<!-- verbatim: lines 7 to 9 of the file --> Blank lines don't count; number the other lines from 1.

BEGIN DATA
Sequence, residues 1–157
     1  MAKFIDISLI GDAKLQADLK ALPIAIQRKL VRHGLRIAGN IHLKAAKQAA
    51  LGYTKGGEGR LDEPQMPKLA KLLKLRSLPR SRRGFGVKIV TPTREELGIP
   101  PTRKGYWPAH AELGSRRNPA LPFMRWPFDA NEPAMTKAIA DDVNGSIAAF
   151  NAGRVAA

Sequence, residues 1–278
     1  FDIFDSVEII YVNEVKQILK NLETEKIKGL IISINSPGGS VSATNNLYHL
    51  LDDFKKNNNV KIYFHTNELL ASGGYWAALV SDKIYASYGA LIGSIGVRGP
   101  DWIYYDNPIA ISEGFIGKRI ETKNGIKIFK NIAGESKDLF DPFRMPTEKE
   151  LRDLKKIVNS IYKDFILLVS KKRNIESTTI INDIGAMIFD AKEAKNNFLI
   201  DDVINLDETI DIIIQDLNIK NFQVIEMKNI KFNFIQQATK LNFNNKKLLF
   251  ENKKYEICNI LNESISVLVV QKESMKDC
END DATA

     1  FDIFDSVEII YVNEVKQILK NLETEKIKGL IISINSPGGS VSATNNLYHL
    51  LDDFKKNNNV KIYFHTNELL ASGGYWAALV SDKIYASYGA LIGSIGVRGP
   101  DWIYYDNPIA ISEGFIGKRI ETKNGIKIFK NIAGESKDLF DPFRMPTEKE